MAILING ADDRESS: 1120 SW 5th Ave, Room 1000, Portland, OR 97204
Environmental Services continues construction on a project to repair or replace more than one mile of public sewer pipes in downtown Portland that are in deteriorating condition. Some of the pipes were among the first built in Portland, before the 1880s. These improvements will protect reduce the possibility of sewage releases to buildings and streets and help protect the Willamette River watershed.
This project is part of the larger Downtown-Old Town Sewer Repair Program managed by Environmental Services to assess the condition of and repair the public sewer system serving Downtown and Old Town Portland. The program represents millions of dollars in investments. Ultimately, these improvements will extend the life cycle of downtown sewer infrastructure by more than 50 years.
The project is generally located in the Portland State University (PSU) area and is bounded by SW Mill Street to the north, I-405 to the south, SW 16th Avenue to the west, and SW Harbor Drive to the east. The project also includes work on W Burnside and SW Columbia streets.
Construction is expected to be completed by June 2020.
Below is the anticipated construction schedule for the next two weeks. This schedule may change due to emergencies, weather, conditions underground, subcontractor schedules, materials availability, and other factors.
Portland State University posts campus-wide impact notices at www.pdx.edu/facilities/facility-impact-notices.
The Rest of This Week (January 16-17)
Crews will repair service lateral pipes using Cured-in-Place-Pipe Lining (CIPP). This work will take place at night at the following locations:
Week of January 20
Crews will repair service lateral pipes using Cured-in-Place-Pipe Lining (CIPP). This work will take place at night at the following location:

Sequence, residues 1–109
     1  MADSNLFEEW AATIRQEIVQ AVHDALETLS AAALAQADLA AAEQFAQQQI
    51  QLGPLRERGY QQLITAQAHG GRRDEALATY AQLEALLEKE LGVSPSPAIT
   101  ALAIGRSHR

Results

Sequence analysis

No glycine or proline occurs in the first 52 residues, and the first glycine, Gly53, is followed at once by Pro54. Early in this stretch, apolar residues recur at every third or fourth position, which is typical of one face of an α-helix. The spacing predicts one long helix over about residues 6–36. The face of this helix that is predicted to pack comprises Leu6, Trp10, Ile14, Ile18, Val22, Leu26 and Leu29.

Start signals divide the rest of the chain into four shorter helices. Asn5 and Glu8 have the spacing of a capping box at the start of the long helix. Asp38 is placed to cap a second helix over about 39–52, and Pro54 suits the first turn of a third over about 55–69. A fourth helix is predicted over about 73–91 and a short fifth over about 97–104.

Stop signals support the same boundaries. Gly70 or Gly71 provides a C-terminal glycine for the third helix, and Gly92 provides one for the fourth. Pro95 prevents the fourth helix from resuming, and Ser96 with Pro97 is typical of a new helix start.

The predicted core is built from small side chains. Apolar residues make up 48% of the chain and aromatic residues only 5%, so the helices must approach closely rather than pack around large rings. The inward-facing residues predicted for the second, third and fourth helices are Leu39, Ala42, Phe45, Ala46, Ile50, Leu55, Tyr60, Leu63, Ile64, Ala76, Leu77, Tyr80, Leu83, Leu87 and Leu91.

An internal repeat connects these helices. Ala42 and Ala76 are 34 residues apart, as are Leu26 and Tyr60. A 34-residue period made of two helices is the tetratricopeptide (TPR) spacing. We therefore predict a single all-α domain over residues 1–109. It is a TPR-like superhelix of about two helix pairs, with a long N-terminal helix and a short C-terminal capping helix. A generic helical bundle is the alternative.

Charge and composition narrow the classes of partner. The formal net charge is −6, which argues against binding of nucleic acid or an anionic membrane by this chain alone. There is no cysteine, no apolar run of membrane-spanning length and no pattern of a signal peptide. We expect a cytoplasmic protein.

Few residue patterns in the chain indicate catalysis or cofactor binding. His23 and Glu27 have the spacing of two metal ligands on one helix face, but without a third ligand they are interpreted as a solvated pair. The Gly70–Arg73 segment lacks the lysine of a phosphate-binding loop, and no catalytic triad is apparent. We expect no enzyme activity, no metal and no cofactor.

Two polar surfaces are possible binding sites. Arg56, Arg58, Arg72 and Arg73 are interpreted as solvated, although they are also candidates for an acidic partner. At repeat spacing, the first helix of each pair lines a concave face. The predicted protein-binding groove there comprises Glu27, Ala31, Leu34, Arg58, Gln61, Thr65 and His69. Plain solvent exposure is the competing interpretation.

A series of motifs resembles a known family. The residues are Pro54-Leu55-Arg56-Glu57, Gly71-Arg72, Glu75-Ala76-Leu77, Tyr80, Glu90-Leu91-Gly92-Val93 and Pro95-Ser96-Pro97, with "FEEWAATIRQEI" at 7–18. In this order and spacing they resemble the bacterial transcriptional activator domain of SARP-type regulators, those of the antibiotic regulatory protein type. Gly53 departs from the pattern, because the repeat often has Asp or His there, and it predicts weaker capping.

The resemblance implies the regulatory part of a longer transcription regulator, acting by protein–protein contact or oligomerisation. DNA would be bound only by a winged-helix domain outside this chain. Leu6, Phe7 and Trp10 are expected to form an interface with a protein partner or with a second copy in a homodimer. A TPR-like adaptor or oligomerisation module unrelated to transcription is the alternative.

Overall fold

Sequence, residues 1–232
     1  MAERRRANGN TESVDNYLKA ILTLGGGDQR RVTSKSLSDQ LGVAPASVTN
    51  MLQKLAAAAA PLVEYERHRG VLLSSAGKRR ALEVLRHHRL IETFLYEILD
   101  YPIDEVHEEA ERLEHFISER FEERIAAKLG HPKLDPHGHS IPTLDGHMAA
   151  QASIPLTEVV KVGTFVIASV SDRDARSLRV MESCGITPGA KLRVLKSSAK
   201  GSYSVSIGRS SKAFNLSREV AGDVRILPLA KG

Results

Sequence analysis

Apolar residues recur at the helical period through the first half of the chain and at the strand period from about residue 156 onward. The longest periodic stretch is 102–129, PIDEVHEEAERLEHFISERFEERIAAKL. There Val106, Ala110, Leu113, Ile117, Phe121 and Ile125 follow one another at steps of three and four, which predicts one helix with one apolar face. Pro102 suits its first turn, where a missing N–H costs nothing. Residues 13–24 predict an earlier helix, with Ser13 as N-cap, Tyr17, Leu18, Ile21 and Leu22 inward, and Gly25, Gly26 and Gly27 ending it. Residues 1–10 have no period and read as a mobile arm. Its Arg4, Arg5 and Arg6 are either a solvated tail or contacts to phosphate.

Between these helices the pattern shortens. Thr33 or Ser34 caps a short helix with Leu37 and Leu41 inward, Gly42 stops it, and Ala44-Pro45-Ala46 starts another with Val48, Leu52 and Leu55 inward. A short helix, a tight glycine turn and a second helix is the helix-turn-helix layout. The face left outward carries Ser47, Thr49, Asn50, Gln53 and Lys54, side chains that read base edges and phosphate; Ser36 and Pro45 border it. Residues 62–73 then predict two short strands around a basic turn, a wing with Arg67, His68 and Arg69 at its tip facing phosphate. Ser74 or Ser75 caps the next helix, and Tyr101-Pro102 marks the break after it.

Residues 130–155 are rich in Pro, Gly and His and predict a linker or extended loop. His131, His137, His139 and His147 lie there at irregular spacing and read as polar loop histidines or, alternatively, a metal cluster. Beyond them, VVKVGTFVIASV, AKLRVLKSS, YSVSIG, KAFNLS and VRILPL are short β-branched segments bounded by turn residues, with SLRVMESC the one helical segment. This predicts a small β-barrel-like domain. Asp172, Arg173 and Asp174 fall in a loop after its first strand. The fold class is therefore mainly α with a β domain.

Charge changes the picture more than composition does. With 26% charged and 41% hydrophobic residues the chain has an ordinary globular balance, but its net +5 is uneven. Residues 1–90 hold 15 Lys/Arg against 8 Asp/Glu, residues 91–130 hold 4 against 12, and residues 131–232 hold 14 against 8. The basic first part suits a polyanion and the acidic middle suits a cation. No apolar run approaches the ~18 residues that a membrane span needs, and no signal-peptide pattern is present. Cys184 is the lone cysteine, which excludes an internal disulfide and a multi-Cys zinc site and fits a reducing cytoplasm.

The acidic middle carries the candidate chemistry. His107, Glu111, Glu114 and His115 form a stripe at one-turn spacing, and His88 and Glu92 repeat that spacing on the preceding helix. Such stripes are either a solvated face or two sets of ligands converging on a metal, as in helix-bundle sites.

Week of January 27
No work is scheduled this week due to materials and subcontractor availability.
The primary construction method to repair public sewer pipes in this project is Cured-in-Place-Pipe Lining (CIPP). The CIPP lining process occurs in phases, with work at each location expected to take less than a week.
When heat (steam) is used to cure or harden the liner during CIPP, people who are nearby may smell an odor that is often described as being similar to plastic or glue. The odor is from the chemical styrene, which is in the resin of the liner. The resin is the part of the liner that reacts with heat and hardens.
While unpleasant for some, the amount of airborne styrene generated by the CIPP process is not a health risk at the levels observed by the City of Portland and tested and monitored by an independent industrial hygienist. The odor dissipates quickly once the process is complete.
If your building is connected to the sewer line being repaired, you can help prevent the styrene odor from entering your home or building by pouring water down all floor drains, sinks, and tubs to ensure that a water barrier is maintained in each drain’s “P-trap.” If this does not prevent odors from entering your home, you may need to temporarily seal the drain by placing a plastic bag filled with water over the drain or taping over it. These temporary measures will prevent the backflow of odors.
If there is already a strong odor in your home, opening windows can improve ventilation and help diminish these odors. If the odors are stronger outdoors, closing windows can prevent these odors from entering your home or business.
Environmental Services will work directly with the community throughout the course of the project. Community outreach staff will listen to your suggestions and respond to your concerns. We encourage you to:
In the event of a sewer backup or basement flooding, call the Maintenance hotline immediately at 503-823-1700. It is staffed all hours and all days, 24/7.
Including the project description, map and schedule
Check out current and previous communications about the project